What are the differences between male and female brain?
Publication date: 19-12-2022
Updated on: 01-03-2023
Topic: Mental health
Estimated reading time: 1 min
Article AuthorVittoria Tonetti
Editor and TranslatorViktoryia Luhakova
Are there any differences between male and female brain in cognitive and functional abilities, expressions of emotions? Well, the answer is yes. Sometimes, however, stereotypes lead to the establishment of clichés and clarifications need to be made.
It is unknown to many people that from anatomical and structural point of view there are differences, for example, in brain size, as well as from a celebral and neural point of view. Moreover, development and aging processes have different pathways for the 2 genders and seems to have impact on the interaction with the environment and on the quality of relationships.
We discussed it with Enrico Bertoldo, Silvana Pagliuca and Valentina Fiolo, psychotherapists and neuropsychologists from the Psychology Unit of the Policlinico San Donato.
Differences emerging from the studies
Whether considered from a biological, cognitive, or behavioral perspective, the brain has always been an outstanding component in human body. With the advent of neuroscience and with the scientific study of the brain and nervous system, its primacy has been recognized.
In the early 20th century, the discussion was enriched by major breakthroughs, in part due to the availability of increasingly advanced neuroimaging technologies that allowed observation of anatomical and functional structures of the brain. Those findings have helped to understand whether there are substantial differences, anatomical and functional, between male and female brains.
A study conducted by Lise Eliot from the Rosalind Franklin University concludes that the differences between the brains of the 2 genders are virtually nonexistent, and these are essentially attributable to head size. The study found that women have 11 percent smaller brains than men when correlated with overall body size.
Neuroimaging has indicated that in males there is a greater presence of white matter (Gur R. et. al., 1999), while in females there is a greater presence of gray matter (Goldstein J.M. et al., 2001).
Other studies have shown some differences in subcortical encephalic areas deputed to the emotional meaning of incoming stimuli (amygdala), memory and orientation (hippocampus).
The amygdala and hippocampus are 2 focal elements of the limbic system, a set of complex structures that play key roles in emotional relationships, behavioral responses, mnestic processes, intentional movement control, sense of time, and motivation.
A small difference has been observed in the corpus callosum that seems to make the 2 hemispheres of men's brains more independent with less communication between them.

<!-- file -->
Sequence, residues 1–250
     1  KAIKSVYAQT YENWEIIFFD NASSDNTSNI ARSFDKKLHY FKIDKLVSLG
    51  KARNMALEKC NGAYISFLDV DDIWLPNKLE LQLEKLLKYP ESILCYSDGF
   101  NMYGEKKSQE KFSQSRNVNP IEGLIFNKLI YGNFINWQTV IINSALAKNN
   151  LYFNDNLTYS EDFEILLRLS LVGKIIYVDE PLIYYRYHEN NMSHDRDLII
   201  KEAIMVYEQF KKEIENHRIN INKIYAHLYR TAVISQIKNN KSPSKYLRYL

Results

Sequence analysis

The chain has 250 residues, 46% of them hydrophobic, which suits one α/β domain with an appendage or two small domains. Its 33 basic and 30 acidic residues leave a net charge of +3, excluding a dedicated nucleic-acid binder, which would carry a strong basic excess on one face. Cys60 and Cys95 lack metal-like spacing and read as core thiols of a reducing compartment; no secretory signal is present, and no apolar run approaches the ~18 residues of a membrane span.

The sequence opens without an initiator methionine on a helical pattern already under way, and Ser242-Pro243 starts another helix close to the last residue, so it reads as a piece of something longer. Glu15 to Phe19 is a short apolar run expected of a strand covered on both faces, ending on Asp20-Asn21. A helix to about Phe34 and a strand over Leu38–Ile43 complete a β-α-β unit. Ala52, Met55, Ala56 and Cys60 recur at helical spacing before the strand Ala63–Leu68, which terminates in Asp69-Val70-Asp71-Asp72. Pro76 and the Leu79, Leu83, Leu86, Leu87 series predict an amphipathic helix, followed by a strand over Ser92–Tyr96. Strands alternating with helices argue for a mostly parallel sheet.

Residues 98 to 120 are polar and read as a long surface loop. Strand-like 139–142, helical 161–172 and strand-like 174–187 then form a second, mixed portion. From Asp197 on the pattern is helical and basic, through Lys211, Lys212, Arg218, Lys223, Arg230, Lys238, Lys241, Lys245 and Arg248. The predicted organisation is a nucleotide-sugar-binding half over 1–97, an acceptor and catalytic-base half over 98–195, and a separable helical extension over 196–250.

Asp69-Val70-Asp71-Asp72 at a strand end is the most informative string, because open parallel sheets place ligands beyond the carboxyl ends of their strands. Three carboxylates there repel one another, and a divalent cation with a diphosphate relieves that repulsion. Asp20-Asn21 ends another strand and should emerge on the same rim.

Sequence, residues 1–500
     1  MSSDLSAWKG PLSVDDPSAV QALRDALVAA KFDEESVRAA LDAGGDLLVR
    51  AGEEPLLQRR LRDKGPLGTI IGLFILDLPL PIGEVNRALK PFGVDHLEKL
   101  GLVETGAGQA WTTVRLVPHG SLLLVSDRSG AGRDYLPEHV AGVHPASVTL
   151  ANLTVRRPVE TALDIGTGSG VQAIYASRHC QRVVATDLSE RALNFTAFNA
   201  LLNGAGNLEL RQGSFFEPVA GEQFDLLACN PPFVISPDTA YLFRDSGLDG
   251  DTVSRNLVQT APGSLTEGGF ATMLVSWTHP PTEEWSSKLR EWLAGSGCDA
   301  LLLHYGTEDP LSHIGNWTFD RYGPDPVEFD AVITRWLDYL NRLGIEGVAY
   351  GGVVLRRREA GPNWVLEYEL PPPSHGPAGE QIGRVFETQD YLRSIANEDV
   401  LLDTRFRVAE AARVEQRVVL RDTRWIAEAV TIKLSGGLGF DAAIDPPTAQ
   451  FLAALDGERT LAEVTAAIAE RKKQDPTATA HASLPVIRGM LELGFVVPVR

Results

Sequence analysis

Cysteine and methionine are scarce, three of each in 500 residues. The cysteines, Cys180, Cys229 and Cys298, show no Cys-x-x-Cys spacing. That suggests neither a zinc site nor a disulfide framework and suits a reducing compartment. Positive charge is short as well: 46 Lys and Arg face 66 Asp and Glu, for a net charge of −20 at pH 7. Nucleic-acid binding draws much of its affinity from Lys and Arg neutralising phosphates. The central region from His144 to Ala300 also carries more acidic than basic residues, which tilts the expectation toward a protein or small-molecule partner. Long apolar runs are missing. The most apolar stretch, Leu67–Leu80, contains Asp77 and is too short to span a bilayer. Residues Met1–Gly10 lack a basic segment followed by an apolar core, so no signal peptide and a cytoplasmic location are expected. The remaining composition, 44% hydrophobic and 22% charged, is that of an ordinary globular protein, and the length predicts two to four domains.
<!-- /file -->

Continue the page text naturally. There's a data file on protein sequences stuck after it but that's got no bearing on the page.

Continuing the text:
Functions of the cerebral hemispheres
In both genders, it is observed that the left hemisphere is deputed to logical, rational, analytical, linear thinking and verbal language center (Broca's and Wernicke's areas), while the right hemisphere is deputed to visual, emotional, creativity, parallel information processing, and nonverbal language center. These hemispheric specializations somewhat belie the generalizations that have arisen in recent years.
Emotional intelligence and empathy
The brain is a very complex organ with plasticity, i.e., capable of modifying its structure. Therefore, there does not seem to be a true gender-related marker, but rather differences are to be observed in everything that makes us capable of being cognitively active, of developing new nerve connections to ensure that we have a good cognitive reserve beyond our gender.
Human beings, whether male or female, are endowed with a very important component called 'emotional intelligence,' which is the ability to recognize, name, distinguish between, and know how to manage emotions (their own and of others). In the collective imagination, women are often perceived to be more emotionally intelligent than men. But is this really the case?
One study shows that females seem more likely to express emotions and consequently seem to have greater emotional expressiveness (Yaling Deng, 2016); they also seem to have greater ability to verbalize emotions including through the use of complex vocabulary. It has been shown (Baron-Cohen, 2003) that females more frequently assume a supportive, welcoming and empathetic attitude toward each other, being better able to understand others' emotional states.
Many studies, still, have been conducted to understand how males and females process emotions, and much research has focused on empathy. Some studies have assessed empathy subjectively, and it was noted that females were more predisposed to perceive feelings in response to various social scenarios, but when empathy was tried to be measured objectively, through the precise identification of emotions expressed in photos of faces, it was noted that the difference between the two sexes was very low.
What affects gender differences?
In general, this review of research clearly shows that when we talk about gender differences, to avoid the risk of falling into stereotypes, it is necessary to take into account other variables such as:
- biological aspect;
- sociocultural context.
The answer to the initial question seems, therefore, to bring the focus back to the person as a bio-psycho-social individual. Environment, culture, social interaction, and personality seem to be elements that shape our neurostructures and guide our behaviors, thus making us special in our uniqueness while sharing an anatomically similar physiology and brain.
The question that finally seems to open up is not so much about gender difference, but rather about how to foster a world that can accommodate the specificity and uniqueness of each person, beyond the gender they belong to.